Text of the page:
Disentangling the role of anthropic disturbances and ecological processes on weed community assembly
Weeds are an important threat to crop production and management rules have been developed to regulate weeds in fields. However, intensive use of herbicides and inorganic fertilizers, large-scale simplification of crop sequences and repeated ploughing has caused considerable biodiversity loss in European agro-ecosystems; many weed species are currently threatened with extinction. Moreover, the drastic decline observed in weed diversity and abundance has highlighted the crucial functional role weeds play in agroecosystem food-webs; including in pollination, provision of habitat and biological control.
The recognition of the need to better balance food production with other, non-provisioning ecosystem services, is reflected in the 2014-2020 reform of the Common Agricultural Policy which, for the first time includes ‘greening measures’ as a requirement for Pillar 1 payments (i.e. direct income support payments to farmers) that primarily support agricultural productivity. Assuring food security and conserving farmland biodiversity while reducing chemical inputs has also been the motivation for a number of National initiatives (e.g. French Ecophyto Plan, Campaign for the Farmed Environment in the UK). In this context, it is imperative that the consequences of agricultural management on weed abundance and crop production are investigated.
The Disco-Weed project addressed these challenges using an interdisciplinary approach and aimed at filling the knowledge gap to reducing chemical inputs and understanding the effects of weeds on crop production.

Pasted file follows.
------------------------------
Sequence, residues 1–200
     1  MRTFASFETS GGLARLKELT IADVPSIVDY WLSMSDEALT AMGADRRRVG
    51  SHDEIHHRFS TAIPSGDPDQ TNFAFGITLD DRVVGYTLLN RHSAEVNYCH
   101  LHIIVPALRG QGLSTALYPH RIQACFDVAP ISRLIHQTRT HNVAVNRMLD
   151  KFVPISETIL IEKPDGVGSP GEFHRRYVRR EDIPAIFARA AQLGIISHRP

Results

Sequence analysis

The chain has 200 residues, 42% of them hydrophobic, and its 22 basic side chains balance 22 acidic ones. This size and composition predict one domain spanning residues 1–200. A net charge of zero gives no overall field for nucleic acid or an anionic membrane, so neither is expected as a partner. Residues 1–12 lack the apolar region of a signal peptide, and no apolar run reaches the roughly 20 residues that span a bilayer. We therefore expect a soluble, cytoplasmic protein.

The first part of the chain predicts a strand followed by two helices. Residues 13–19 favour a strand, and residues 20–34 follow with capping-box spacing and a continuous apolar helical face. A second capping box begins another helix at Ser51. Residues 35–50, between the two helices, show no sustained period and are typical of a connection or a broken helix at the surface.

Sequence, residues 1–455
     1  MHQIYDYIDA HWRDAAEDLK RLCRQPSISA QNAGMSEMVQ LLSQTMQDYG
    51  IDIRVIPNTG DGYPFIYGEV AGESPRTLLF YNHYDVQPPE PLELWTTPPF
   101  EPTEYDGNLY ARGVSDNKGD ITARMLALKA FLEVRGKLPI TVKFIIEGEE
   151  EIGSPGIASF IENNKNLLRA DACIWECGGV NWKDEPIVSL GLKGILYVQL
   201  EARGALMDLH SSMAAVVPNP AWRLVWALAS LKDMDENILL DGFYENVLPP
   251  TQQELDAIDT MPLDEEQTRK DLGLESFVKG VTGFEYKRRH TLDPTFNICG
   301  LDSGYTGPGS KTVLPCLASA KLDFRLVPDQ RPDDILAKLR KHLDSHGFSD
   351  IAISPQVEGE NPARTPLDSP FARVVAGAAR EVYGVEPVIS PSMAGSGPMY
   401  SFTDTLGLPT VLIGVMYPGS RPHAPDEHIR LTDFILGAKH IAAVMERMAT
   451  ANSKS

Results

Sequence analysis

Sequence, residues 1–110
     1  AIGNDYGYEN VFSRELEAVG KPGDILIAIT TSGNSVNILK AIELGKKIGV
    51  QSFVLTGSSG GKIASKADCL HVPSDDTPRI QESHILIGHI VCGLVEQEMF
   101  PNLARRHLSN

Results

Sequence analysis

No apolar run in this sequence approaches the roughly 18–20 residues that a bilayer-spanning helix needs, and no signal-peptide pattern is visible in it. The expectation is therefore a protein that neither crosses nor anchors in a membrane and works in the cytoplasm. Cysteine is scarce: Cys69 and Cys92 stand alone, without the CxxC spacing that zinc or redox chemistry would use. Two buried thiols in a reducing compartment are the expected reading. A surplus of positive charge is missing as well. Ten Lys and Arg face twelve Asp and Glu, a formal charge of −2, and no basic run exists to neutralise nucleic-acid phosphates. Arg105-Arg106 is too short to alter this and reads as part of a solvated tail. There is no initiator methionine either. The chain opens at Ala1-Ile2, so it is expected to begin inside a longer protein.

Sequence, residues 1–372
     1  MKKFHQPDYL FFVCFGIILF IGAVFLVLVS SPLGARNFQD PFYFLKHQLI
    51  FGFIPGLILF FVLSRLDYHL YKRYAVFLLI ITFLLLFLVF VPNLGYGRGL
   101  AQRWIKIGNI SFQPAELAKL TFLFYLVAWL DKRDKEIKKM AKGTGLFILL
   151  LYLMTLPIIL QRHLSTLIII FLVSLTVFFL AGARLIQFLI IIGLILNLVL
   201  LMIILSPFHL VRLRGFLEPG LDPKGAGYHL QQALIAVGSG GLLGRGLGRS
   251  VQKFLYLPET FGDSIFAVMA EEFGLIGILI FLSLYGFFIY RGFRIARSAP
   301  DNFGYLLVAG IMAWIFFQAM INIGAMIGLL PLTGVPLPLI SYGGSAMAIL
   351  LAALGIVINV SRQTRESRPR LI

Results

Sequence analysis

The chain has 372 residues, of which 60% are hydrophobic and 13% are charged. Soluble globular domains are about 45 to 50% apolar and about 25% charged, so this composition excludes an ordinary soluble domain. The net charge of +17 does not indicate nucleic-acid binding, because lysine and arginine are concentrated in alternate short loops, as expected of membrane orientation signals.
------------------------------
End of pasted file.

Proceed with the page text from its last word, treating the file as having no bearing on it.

DiscoWeed brings together ecologists, agronomists and statisticians.
Sabrina GABA – INRAE (Dijon, France)
Bérenger BOURGEOIS – INRAE (Dijon, France)
Laura ARMENGOT-MARTINEZ – FiBL (Switzerland); Florent BONNEU – University of Avignon (France); Vincent BRETAGNOLLE – CNRS, CEB de Chizé (France); Joël CHADOEUF – INRAE (France); Guillaume FRIED – ANSES (France); Edith GABRIEL – University ofAvignon (France); Xavier LAVIRON – INRAE (France); Lucie MAHAULT – University of Bourgogne (France); François MUNOZ – CIRAD (France); Santiago POGGIO – Facultad de Agronomía (Argentine); Jonathan STORKEY – Rothamsted Research (UK); Cyrille VIOLLE – SupAgro (France).
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Catarino R, Gaba S & Bretagnolle V (2019) Experimental and empirical evidence shows that reducing weed control in winter cereal fields is a viable strategy for farmers. Scientific Reports, 9, 9004. doi: 10.1038/s41598-019-45315-8.
Mahaut L, Gaba S & Fried G (2019) A functional diversity approach of crop sequences reveals that weed diversity and abundance show different responses to environmental variability. Journal of Applied Ecology, 56, 1400–1409. doi: 10.1111/1365-2664.13389.
Metcalfe H, Hassall KL, Boinot S & Storkey J (2019) The contribution of spatial mass effects to plant diversity in arable fields. Journal of Applied Ecology, 56, 1560–1574. doi: 10.1111/1365-2664.13414.
Gaba S, Caneill J, Nicolardot B, Perronne R & Bretagnolle V (2018) Crop competition in winter wheat has a higher potential than farming practices to regulate weeds. Ecosphere, 9, e02413. doi: 10.1002/ecs2.2413.
Storkey J & Neve P (2018) What good is weed diversity? Weed Research, 58, 239–243. doi: 10.1111/wre.12310.
Munoz F, Fried G, Armengot L, Bourgeois B, Bretagnolle V, Chadoeuf J, Mahaut L, Plumejeaud-Perreau C, Storkey J, Violle C & Gaba S (2017) Database of weeds in cultivation fields of France and UK, with ecological and biogeographical information (Version 1.0.0) [Data set]. Zenodo. doi: 10.5281/zenodo.1112342.
Gaba S, Reboud X & Fried G (2016) Agroecology and conservation of weed diversity in agricultural lands. Botany Letters, 163, 351–354. doi: 10.1080/23818107.2016.1236290.